Requesting information for background checks

When you can and can't ask for birth date and SIN

Stuart Rudner

Question: Can an employer ask for a job applicant’s birth date and social insurance number in order to perform background checks? What information can be requested and can the employer refuse to consider an applicant if they refuse to provide this information?

Answer: The application process is particularly risky when it comes to human rights concerns. Organizations want to minimize any risk that they will become aware of superfluous information related to a protected ground under human rights legislation. If they do, and if they ultimately decide not to hire the individual for unrelated reasons, they face the risk that the applicant may allege that she was not hired based upon the protected ground. Practically speaking, the onus will then fall upon the organization to disprove the allegation. And as we all know, proving a negative is often particularly difficult.

As a result, I advise clients to ask for and obtain no more information than is reasonably necessary in order to make a determination as to whether an individual is appropriate for the job in question. This applies at each step of the process. Application forms should be scrutinized with this in mind and any questions that are unnecessary should be removed. Background checks (including online searches) and interview questions should be similarly scrutinized.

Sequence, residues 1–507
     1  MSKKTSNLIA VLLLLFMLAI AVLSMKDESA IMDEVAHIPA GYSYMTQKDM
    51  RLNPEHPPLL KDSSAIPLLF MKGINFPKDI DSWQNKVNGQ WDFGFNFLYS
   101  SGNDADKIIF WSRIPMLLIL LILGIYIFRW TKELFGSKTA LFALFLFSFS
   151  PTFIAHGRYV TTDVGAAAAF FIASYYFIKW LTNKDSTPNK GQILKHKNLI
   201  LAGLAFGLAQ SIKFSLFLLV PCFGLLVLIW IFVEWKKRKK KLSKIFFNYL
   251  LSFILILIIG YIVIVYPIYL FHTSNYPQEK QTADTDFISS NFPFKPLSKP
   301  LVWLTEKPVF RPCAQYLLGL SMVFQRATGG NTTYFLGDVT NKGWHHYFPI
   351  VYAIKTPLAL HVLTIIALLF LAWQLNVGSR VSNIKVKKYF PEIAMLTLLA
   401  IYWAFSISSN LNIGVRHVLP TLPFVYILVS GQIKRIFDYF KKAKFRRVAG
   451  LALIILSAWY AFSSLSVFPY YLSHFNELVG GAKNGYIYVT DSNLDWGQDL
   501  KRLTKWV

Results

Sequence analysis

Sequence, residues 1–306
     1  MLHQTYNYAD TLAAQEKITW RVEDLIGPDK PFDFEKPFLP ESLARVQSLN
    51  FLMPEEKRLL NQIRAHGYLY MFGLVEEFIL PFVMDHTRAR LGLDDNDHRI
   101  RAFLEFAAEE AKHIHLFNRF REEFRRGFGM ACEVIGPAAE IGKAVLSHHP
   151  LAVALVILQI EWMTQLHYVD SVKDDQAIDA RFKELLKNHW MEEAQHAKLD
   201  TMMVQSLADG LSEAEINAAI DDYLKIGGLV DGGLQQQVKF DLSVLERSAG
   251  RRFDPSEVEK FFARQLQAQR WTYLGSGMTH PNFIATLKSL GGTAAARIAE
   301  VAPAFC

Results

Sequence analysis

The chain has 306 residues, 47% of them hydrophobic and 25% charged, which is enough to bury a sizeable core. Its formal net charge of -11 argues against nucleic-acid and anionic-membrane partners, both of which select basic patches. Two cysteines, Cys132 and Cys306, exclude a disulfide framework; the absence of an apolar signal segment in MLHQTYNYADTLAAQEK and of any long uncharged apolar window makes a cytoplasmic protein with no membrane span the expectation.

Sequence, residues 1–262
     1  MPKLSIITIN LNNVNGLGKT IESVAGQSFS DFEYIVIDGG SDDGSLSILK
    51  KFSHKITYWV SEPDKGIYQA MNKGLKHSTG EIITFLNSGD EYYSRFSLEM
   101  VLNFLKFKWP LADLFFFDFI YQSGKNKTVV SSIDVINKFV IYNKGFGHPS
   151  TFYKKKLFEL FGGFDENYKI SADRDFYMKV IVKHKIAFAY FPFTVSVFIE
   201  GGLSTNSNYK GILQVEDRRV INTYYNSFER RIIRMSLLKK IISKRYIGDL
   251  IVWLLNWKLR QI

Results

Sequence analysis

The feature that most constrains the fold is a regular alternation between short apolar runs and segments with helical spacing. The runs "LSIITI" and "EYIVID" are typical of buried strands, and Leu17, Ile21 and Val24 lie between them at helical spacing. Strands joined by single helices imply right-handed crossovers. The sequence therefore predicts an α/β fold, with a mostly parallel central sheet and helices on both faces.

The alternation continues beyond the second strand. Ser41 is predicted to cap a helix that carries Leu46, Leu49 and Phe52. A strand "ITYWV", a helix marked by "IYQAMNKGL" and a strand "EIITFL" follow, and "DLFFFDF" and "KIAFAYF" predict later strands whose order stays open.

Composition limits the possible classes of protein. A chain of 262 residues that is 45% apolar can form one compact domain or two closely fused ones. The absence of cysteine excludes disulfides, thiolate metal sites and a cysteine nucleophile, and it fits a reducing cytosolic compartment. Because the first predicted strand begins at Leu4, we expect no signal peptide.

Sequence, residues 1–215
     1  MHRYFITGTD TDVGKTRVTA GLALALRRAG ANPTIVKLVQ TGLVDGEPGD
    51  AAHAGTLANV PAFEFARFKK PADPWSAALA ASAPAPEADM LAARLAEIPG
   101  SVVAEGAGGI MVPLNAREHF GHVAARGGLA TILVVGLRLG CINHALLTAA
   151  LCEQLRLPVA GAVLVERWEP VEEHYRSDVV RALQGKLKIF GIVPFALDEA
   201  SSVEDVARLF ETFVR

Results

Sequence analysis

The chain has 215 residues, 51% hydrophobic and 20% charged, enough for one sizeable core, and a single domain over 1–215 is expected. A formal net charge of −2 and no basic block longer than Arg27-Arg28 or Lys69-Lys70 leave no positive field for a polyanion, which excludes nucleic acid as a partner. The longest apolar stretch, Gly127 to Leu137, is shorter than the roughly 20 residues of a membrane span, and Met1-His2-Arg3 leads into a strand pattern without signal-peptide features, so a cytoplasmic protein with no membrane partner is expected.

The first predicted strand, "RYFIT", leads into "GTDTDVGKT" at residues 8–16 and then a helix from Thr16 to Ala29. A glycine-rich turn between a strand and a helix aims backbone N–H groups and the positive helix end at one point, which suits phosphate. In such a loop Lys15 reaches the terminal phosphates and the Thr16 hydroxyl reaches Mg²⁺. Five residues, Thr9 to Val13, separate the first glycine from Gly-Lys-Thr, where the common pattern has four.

Typically, the amount of information that can be obtained will increase as the hiring process evolves. In other words, organizations may legitimately be entitled to more information at the time of hiring than they could reasonably request in an application.

With respect to requesting birthdates and social insurance numbers in order to perform background checks, it is obvious that requesting such information is a risky proposition, in that it will provide the organization with information relating to a protected ground. Doing so too early in the process can expose employers to allegations discussed above.

Typically, what I recommend to organizations is that they hold off on requesting any such information until they are prepared to make an offer of employment. At that time, the offer can be made conditionally upon whatever factors are relevant. Of course, employers should ensure the conditions are reasonably related to the job duties.

Employers should also maintain scrupulous notes regarding why they decided not to hire an individual, so they will be in a stronger position to disprove allegations that the decision was based upon protected grounds.

With respect to background checks, many of our clients now use third parties to carry out these checks. What they can do is make a conditional offer of employment and then have the applicant deal directly with the third party and provide whatever information is necessary in order to have the background check completed. By proceeding in this way, the employer can minimize any risk that they will receive information relating to a protected ground.

Stuart Rudner is a partner in Miller Thomson LLP’s Labour and Employment Group in Toronto. He can be reached at (416) 595-8672 or srudner@millerthomson.com.

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